And don’t forget locally – tons of judicial races and our County Prosecutor.
NOW GO VOTE!
Read my thoughts on that question in my post, “Why Women Voters Will Dictate Ohio’s Super Tuesday Results,” at iVillage and let them know what you think!
One of the things I loved the most about the Meet the Bloggers forums of 2005-2007 was that it let me sit next to and ask questions directly of people like Ted Strickland, Richard Cordray, Jim Petro and Sherrod Brown. Once you have a taste of that, you never want to go back to just writing a letter or placing a call, but alas MTB is no more.
However, into the fray went my colleague, Dan Moulthrop, at the Civic Commons where he is moderating a fantastic online forum with the Cuyahoga County Prosecutor Candidates. This forum is a SUPERB way to interact DIRECTLY with people who want to be elected to office. They want to be your public servant, you better believe they should be engaging in the public & this forum does that.
Today is the last day so please go read & ask and comment. It’s your county and your vote.
Well, the idea that the perceived and polled gender gap that appeared to favor GOP presidential nominee candidate and former Massachusett’s governor, Mitt Romney, absolutely fizzled and flipped when it came to election day in South Carolina last week.
Yet now, here again, CNN is reporting that their polling shows a gender gap favoring – wait for it – Romney again:
A gender gap appears to have developed as well. In South Carolina, Gingrich won among men and women, according to exit polls. But in Florida, although Gingrich has an edge among men, Romney had the advantage among women.
“Some of that may be due to recent coverage of Gingrich’s personal life, but it is almost certainly due to other factors as well. Gingrich’s favorable rating has consistently been higher among men than among women for years before he became a presidential candidate, suggesting that men may find his red-meat approach to issues more appealing than women do,” says [CNN Polling Director Keating] Holland.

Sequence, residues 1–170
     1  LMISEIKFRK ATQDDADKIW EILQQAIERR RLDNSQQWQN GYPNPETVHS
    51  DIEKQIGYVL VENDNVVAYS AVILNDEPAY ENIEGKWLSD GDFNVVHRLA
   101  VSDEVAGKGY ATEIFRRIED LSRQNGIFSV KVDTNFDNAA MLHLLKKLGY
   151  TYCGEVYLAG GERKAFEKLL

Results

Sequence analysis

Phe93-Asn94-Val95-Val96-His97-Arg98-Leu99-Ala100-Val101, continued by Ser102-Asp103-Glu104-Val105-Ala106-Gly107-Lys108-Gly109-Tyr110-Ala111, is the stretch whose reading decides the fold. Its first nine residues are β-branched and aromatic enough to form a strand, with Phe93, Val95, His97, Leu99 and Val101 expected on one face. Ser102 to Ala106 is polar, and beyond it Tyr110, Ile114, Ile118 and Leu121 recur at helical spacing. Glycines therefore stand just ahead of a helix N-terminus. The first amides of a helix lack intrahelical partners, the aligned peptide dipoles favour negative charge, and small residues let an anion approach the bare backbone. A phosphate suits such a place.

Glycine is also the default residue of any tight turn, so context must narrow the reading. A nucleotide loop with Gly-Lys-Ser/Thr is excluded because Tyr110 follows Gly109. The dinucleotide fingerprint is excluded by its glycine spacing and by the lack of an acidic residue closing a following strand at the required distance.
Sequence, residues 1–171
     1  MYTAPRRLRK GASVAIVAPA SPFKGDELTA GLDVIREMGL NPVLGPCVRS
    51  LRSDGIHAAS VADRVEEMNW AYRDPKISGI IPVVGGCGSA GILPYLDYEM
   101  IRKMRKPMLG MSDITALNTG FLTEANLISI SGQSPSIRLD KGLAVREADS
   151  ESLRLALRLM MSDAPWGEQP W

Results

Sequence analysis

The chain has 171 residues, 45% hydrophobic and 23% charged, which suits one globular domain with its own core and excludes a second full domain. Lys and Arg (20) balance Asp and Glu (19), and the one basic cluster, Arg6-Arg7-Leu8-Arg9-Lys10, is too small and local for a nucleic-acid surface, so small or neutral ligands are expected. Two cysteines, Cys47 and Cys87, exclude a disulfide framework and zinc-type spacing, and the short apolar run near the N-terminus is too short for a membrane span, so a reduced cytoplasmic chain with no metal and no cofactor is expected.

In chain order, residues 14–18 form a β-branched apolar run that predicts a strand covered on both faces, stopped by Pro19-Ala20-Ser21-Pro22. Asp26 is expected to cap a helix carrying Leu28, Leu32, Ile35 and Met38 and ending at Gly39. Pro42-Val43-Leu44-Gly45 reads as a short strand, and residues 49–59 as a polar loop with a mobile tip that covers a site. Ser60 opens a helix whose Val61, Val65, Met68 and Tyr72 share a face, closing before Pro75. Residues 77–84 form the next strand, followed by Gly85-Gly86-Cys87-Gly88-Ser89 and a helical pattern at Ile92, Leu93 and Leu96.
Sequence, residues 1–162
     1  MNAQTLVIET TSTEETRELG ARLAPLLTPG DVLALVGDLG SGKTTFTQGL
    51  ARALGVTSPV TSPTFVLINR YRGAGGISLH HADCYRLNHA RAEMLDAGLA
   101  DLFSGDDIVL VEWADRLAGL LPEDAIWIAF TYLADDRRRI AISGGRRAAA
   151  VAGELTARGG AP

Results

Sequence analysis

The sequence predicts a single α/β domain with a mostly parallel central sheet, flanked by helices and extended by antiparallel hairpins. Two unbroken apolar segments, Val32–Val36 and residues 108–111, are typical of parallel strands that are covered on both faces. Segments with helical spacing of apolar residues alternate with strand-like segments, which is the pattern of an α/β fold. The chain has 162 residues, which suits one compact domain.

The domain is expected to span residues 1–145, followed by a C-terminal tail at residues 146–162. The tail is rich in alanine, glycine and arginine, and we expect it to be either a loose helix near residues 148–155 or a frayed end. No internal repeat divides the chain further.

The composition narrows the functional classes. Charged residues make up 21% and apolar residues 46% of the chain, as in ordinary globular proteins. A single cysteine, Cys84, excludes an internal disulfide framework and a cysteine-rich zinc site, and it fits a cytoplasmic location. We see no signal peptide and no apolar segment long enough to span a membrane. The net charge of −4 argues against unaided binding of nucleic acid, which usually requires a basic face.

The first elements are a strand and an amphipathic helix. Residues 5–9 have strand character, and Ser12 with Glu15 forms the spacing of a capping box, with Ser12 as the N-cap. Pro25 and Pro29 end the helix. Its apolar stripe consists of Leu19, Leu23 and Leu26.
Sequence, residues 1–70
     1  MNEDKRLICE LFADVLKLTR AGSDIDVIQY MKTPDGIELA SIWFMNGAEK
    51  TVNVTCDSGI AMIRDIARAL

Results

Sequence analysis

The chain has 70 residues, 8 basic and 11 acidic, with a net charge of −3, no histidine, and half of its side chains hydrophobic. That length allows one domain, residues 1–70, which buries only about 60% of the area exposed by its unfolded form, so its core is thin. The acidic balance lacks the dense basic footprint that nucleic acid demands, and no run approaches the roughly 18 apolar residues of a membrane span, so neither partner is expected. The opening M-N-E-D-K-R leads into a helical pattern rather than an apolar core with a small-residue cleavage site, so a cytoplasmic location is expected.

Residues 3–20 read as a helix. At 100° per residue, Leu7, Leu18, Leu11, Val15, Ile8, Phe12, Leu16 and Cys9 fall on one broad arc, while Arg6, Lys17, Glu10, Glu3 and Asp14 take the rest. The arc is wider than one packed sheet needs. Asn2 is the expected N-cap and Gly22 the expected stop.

Many people have anticipated that Florida is not South Carolina, and I share that opinion. How different is the female electorate in the Sunshine State from the same segment in the Palmetto State?
We won’t know for sure until next Tuesday evening, after they vote. I have my suspicions but I’m going to keep them to myself until election night.
What do you think?
Some of us have work to do that we hope really will make a difference in people’s lives, short-term and long-term, so I’m working very hard to keep myself from being utterly distracted by the inept field of GOP primary candidates, especially after watching last night’s debate in Florida. It’s totally like watching a train wreck – you just can’t turn away.
But here’s my main observation for the day:
To Newt Gingrich: You are not Russell Crowe, the debates are not gladiator matches, NBC is not the Coliseum, but you are a relic.
And good on the local journos who asked excellent questions including one which Rick Santorum totally did not answer (address the risk posed to Florida’s tourist industry by offshore oil drilling versus the jobs it could create) and why is it okay for the candidates to court Florida voters with Spanish language materials but it’s not okay for the government to provide them with anything in their native language?
That latter question led to a disgusting attempt for the candidates to one-up themselves on supporting the assimilation of all the glorious strands of our society into one.
How on earth does that represent anything other than a denial of liberty, the value supposedly so dear to the conservatives?
We all know how much I hatez the English-only talk.
NEWT GINGRICH: We are fully human upon conception because all of the genetic patterns needed are in existence at that moment, and therefore the right should attach at that moment.
[NPR reporter Don] GONYEA: Gingrich also singled out an organization that is public enemy number one for many anti-abortion activists.
GINGRICH: We will defund Planned Parenthood sometime early in 2013.
Oh – if only there were just 57 reasons to vote no on Newt Gingrich.